Money view of the MakerDAO/Morpho/Ethena drama

Crypto-twitter is all the rage on the MakerDAO/Morpho/Ethena combination that may result in up to $1B of MakerDAO’s balance sheet allocated in loans backed by Ethena USDe and sUSDe collateral (for simplicity let’s stick with sUSDe which accrues interest). In this article, let’s look under the hood with a money-view lens.

Ethena is more or less a tokenized cash-and-carry trade product where they hold a long spot crypto position (e.g. ETH) and short it on the future market. There are a few twists (we are in crypto after all), but it is similar to the Treasury cash-futures basis trade from TradFi. The crypto cash-future arbitrage isn’t new. It was nicknamed as the “the closest thing to a risk-free bet” by Bloomberg in 2021, it’s back. I would suggest reading the excellent BIS paper Crypto-Carry . As we are in the middle of a bull market the yield of such a strategy generally increases with upward volatility and has ranged from 20-120% APY. This is a significant yield for a “close to risk-free bet” which has attracted significant interest with Ethena growing from $100mm in deposits in early January 2024 to nearly $2B as of this writing (April 3rd, 2024).

Given the attractive risk/reward, MakerDAO voted to take an indirect exposure to it through collateralized loans backed by sUSDe. What happened is depicted in the diagram below. Starting with assets like T-Bills earning around 5% (as always there are some simplifications), Maker decided to finance crypto-backed loans instead. As you can expect, there were some speculators that wanted more exposure to the 60% organic yield of sUSDe, and were more than happy to use leverage (which even at a funding cost is below the sUSDe yield). The operation didn’t change the balance sheet size of MakerDAO nor its liabilities. It was simply an asset swap. It doesn’t directly impact the DAI holders balance sheet. The US government loses some funding for the benefit of speculators, but I doubt it makes a difference.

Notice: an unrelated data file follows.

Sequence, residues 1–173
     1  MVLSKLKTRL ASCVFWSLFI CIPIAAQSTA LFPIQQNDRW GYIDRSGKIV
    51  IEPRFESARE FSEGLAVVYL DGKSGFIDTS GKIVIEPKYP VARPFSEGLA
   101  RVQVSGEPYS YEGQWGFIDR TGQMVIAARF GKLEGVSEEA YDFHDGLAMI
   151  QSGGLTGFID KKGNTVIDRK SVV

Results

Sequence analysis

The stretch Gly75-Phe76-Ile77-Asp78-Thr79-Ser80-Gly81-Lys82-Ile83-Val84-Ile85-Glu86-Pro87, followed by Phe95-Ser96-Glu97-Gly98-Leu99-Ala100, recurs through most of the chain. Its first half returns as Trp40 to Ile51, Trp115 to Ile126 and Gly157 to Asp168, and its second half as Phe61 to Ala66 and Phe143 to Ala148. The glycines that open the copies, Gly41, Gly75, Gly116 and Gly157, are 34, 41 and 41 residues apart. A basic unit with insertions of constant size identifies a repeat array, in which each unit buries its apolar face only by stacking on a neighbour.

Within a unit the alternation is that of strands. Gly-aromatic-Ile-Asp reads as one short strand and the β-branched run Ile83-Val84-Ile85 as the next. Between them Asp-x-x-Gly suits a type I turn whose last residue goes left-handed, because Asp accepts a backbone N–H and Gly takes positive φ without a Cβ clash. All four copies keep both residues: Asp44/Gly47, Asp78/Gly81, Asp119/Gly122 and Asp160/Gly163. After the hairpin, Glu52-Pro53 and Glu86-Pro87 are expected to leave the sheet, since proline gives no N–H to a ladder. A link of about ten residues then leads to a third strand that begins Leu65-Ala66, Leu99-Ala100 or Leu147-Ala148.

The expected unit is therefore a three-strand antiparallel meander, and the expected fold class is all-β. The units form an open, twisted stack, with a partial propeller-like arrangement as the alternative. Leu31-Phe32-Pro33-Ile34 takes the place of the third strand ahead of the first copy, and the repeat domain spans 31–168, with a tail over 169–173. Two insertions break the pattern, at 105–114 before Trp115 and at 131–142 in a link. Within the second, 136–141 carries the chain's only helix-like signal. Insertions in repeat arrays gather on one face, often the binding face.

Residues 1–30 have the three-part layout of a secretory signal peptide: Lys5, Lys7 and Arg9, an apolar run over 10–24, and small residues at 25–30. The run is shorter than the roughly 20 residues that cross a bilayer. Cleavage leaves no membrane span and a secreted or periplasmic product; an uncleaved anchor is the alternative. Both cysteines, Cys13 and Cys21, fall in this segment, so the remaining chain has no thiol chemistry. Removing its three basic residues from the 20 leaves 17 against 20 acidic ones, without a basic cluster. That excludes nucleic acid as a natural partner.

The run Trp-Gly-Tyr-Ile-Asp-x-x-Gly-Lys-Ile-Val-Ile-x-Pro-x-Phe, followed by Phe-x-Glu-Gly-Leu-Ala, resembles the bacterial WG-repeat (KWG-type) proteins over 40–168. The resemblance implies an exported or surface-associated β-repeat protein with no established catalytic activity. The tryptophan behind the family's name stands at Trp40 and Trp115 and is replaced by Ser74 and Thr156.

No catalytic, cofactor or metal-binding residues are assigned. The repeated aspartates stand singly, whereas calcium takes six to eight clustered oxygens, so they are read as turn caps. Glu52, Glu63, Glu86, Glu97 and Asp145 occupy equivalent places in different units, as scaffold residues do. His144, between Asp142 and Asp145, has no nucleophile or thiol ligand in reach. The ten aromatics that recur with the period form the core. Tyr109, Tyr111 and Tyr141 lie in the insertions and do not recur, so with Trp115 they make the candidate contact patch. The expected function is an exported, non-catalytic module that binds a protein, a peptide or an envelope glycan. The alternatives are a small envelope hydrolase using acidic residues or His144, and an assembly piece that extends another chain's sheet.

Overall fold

MakerDAO has been doing crypto-backed loans since its creation, it’s the bread and butter of the Maker Protocol. What is new is that Morpho was used instead of Maker vault or the newest Spark lending protocol. While Morpho is newer, it is considered by some more secure due to its small and immutable codebase.

Like any highly leveraged loan, the issue is the price feed. Contrary to TradFi, crypto doesn’t wait to liquidate when the collateral is no longer sufficient. Nonetheless, fast liquidations can sometimes be more of a problem than a solution. If there is stress in the market and people start to dump sUSDe, it will quickly depeg from its underlying price (or net asset value), leading to more liquidation and a larger depeg. This could easily lead to liquidation at a price lower than the loaned amount even if there is just a short time of market dislocation. It relates to the very old question about mark-to-model vs mark-to-market.

High leverage and fixed price is not unprecedented, Maker previously had a loan facility for DAI/USDC liquidity pool which let people take a 50x leverage position. The USDC price was fixed at par with DAI. This means the market price didn’t have any influence on liquidations.